A joystick is a personal computer input device consisting of a handheld stick that pivots about one end and transmits its angle in 2D or 3D to a computer. It has a small, vertical lever called the stick mounted on the base and used to steer the screen cursor around. Most joysticks are 2D, having two axes of movement but 3D joysticks do exist.
A light pen is a pointing device shaped like a pen acts as computer input device. The tip of the right pen consists a light sensitive element which, when placed against the screen, detects the light from the screen enabling the computer to identify the location of the pen on the screen. Light pens have the advantage of drawing directly on to the screen. It allows the user to point to display objects, or draw on the screen, in a similar way to touch screen but with greater positional accuracy. An light pen can work with a CRT based monitor, but not with LCD screens, projectors or other display devices.
The data glove used to grasp a virtual object. It is constructed with a series of sensors that detect hand and finger motions. Each sensor is a short length of fiber optic cable, with a LED at one end and a phototransistor at the other end. The surface of a cable is roughened in the area where it is to be sensitive to bending. When the cable is flexed, some of the LED’s light is lost, so less light is received by the phototransistor. The input from the glove can be used to position or manipulate objects in a virtual scene. Thus by wearing the data glove, a user can grasp, move and rotate objects and then release them.
The scanner is a device, which can be used to store drawing, graphs, photos or text available in printed form for computer processing. The scanners used the optical scanning mechanism to scan the information. The scanner records the gradation of gray scales or color and store them in the array. Finally, it stores the image information in a specific file format such as JPEG, GIF, TIFF, BMP and so on. Once the image is scanned, it can be processed or we can apply transformations to rotate, scale, or crop the image using image processing software such as photo – shop or photo – paint. Scanners are available in variety or sizes and capabilities.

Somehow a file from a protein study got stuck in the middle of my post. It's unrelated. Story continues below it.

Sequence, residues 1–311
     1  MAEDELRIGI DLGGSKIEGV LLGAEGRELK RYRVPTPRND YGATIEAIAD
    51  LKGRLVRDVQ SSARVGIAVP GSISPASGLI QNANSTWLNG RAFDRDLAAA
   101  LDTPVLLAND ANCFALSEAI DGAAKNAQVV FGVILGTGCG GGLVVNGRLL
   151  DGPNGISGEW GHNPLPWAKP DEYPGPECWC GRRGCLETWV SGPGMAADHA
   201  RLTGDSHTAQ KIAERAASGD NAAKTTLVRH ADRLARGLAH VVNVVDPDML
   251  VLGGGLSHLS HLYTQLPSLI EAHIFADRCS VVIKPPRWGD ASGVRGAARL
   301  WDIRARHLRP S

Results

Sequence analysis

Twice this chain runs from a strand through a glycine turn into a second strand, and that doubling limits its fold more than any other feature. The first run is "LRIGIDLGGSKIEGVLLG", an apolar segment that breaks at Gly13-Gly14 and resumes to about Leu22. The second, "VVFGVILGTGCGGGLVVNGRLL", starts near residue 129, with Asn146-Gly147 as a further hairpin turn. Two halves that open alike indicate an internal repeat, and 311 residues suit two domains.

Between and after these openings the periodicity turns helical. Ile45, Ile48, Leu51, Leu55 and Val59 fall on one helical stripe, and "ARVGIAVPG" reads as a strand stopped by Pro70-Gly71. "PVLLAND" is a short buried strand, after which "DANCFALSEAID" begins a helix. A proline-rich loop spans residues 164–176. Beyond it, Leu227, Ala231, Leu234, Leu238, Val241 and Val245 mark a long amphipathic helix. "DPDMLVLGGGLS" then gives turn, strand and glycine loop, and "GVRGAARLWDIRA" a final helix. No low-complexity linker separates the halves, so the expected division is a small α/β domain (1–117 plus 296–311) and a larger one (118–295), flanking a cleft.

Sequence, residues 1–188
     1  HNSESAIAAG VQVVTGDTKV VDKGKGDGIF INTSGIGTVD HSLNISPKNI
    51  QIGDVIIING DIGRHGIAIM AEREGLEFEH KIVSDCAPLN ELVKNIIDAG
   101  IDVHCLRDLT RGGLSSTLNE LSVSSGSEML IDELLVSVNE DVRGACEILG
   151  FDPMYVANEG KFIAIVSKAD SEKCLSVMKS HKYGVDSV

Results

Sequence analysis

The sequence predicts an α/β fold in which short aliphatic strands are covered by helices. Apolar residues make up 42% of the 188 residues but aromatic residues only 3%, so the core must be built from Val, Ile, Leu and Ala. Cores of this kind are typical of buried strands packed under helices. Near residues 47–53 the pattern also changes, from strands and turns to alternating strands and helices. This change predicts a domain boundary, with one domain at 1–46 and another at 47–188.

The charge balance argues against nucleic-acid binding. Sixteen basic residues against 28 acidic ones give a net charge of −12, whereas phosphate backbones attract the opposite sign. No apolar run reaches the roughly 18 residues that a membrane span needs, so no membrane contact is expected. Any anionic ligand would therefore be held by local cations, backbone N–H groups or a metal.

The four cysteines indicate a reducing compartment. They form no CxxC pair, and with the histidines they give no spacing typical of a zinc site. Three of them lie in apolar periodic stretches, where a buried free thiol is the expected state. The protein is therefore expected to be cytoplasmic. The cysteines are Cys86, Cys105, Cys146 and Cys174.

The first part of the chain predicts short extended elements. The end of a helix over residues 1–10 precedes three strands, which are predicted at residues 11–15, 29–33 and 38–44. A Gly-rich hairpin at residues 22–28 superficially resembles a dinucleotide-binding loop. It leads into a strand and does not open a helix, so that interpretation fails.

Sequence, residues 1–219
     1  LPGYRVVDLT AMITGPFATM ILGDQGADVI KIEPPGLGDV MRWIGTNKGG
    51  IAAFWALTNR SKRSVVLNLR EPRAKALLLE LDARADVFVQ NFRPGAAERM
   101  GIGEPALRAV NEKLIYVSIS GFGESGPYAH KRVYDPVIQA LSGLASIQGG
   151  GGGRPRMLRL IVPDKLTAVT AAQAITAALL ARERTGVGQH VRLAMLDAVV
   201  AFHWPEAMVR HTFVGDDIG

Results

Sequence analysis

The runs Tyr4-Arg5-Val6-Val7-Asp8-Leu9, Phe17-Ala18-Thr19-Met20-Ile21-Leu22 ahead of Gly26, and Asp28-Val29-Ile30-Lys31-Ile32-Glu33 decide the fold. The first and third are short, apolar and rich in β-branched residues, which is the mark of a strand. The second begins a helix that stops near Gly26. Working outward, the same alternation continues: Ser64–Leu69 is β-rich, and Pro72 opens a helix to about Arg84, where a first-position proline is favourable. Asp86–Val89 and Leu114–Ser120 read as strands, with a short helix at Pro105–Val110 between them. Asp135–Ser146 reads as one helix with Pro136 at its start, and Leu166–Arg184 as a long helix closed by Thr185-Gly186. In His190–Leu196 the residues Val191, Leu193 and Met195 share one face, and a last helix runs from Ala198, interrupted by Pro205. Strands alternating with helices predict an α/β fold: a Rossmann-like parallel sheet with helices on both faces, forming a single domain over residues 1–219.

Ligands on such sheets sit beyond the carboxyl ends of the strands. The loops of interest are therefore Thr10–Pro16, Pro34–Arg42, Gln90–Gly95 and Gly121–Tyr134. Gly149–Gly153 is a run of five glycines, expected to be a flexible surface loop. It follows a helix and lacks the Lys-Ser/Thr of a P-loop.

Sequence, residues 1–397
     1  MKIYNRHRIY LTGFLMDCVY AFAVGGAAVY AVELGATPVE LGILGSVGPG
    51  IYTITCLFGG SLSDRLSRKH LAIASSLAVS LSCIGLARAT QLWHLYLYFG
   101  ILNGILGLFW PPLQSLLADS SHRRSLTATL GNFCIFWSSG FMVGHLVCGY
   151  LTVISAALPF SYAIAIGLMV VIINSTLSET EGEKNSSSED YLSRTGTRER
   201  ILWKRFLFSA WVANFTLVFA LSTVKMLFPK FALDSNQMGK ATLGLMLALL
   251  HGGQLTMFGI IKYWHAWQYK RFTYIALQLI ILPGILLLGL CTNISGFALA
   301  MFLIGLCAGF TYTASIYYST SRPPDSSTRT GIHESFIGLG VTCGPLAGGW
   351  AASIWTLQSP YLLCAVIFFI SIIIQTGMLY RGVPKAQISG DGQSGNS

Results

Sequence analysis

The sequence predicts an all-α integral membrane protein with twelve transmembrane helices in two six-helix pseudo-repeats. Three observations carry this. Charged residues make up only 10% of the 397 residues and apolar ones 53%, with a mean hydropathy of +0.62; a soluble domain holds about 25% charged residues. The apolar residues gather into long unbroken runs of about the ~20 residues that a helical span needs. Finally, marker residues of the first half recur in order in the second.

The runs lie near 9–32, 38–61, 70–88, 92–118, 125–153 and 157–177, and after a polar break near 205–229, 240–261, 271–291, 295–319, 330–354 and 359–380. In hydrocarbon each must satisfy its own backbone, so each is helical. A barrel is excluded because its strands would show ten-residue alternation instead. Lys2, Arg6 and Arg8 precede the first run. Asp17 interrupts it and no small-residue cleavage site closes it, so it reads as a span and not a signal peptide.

2.4 PROGRAM DESIGN
In this topic we are going to understand how we can design a program? Before start writing a program, we first need to understand that what we have to implement? How we can implement it? How many variables are needed in the program? What should be the complexity level of the program? Who is going to use our program? And so on. And answering all these questions is basically what we call in short as designing a program.
While designing a program, initially we need to know the problem, without understanding the problem correctly, we will never be able to make a program that is going to solve the problem. So, understanding of the problem is must. After that, we have to design the flow chart of the program. By designing the flowchart, we can get the exact flow of the data and this is going to help us while writing the program. Simple steps to be followed while designing a program are as given below –
- 1). Determine the problem – First step is to understand the problem, so that we can design the right solution to the problem.
- 2). Determine the user – Second step is to understand that who is going to use the program that we are designing. This is also an important step because if the end user is computer literate than we can add some complex features, otherwise we have to be very simple while designing the program.
- 3). Make flowchart – By making flowchart, the designing of the program becomes easy. It tells us about the flow of the data, which makes it easy for us to design the program.
- 4). Design Algorithm – Designing the algorithm tells us about the number of variables, data types of the variables required, I/O devices needed (if required), and so on.
- 5). Write the program – After having all the above mentioned things, we have the ability to write the program.
- 6). Compile and test – After writing the program, compile it to know that if it has any error(s) or not? If you’ll find one, then correct it as soon as possible.
2.5 WHAT ARE DATA STRUCTURES?